Federal treasurer Josh Frydenberg has been accused of rehashing old economic policy and trying to pass it off as new, as the latest data shows the jobless rate rising.
A Treasury paper planned for release outlines a 15 per cent concession to infrastructure projects worth more than $500 million, in a bid to stimulate the economy and attract foreign capital.
The tax incentive will cover energy, transport, water and communications projects, among other items, which meet the criteria.
Shadow treasurer Jim Chalmers said this won't help improve the slowest economic growth in a decade, weak business investment or wages growth.
"When Josh Frydenberg goes to work each day he's not thinking about how to grow the economy, he's thinking about how to distract from the fact that the economy is floundering," Mr Chalmers said.
"Pretending that an old policy is new again or a new way to deal with an economy which is slowing is not a plan, it's a con."
Mr Frydenberg also urged state and territory governments to make boosting productivity a crucial priority, arguing more federal money won't solve the issue.
He said they must work collaboratively to make the economy run more efficiently instead of relying on federal "bucket money" to boost wages and jobs.
Meanwhile, a defiant Employment Minister Michaelia Cash said the government won't shake up its policies despite the economy losing 19,000 jobs in October.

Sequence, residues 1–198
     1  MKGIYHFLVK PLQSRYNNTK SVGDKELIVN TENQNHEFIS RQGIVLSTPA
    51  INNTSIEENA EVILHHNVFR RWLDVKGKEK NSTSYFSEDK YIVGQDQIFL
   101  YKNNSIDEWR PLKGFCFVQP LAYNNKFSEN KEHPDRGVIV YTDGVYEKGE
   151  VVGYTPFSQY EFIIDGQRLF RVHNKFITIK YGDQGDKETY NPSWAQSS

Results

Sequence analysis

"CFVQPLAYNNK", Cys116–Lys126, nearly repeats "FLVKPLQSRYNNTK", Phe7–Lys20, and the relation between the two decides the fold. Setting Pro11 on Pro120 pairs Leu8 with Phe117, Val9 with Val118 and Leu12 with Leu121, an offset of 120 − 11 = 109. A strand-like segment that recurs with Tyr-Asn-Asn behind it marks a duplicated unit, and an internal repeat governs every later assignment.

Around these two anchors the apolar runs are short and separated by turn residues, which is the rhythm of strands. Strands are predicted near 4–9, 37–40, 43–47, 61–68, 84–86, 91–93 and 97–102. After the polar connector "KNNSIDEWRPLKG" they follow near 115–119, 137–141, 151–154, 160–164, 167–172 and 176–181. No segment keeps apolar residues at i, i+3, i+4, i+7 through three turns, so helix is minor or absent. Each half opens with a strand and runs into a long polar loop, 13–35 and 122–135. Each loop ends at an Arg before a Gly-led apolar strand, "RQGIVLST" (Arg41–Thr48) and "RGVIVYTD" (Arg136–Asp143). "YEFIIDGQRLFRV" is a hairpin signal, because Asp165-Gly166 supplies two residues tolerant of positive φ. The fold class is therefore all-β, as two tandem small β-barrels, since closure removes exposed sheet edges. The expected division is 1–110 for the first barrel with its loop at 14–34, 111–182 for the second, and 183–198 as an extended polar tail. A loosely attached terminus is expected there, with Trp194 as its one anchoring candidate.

It's the workforce's worst month in three years, pushing unemployment higher and increasing chances of further cash rate cuts by the Reserve Bank.
Senator Cash said the slight rise in the unemployment rate to 5.3 per cent in October wasn't a surprise.
"Today's figures are not unexpected given the strong monthly consecutive employment growth," she told reporters in Canberra.
Employment growth remained above the decade average, the minister argued, urging Australians to look at the worse-than-expected figures as part of the entire year.
"The economy has created over 250,000 jobs," she said of the past 12 months.
But the Australian Council of Trade Unions said more than one million people are trying work more hours, but can't.
"The Morrison government has created double jeopardy for working people with both increasing unemployment/underemployment and falling wages growth," ACTU secretary Sally McManus said in a statement.
"Australian workers need good, steady jobs but the Morrison government is waving through more insecure forms of work and giving a green light to companies that want to exploit vulnerable temporary migrant workers."
Australian Associated Press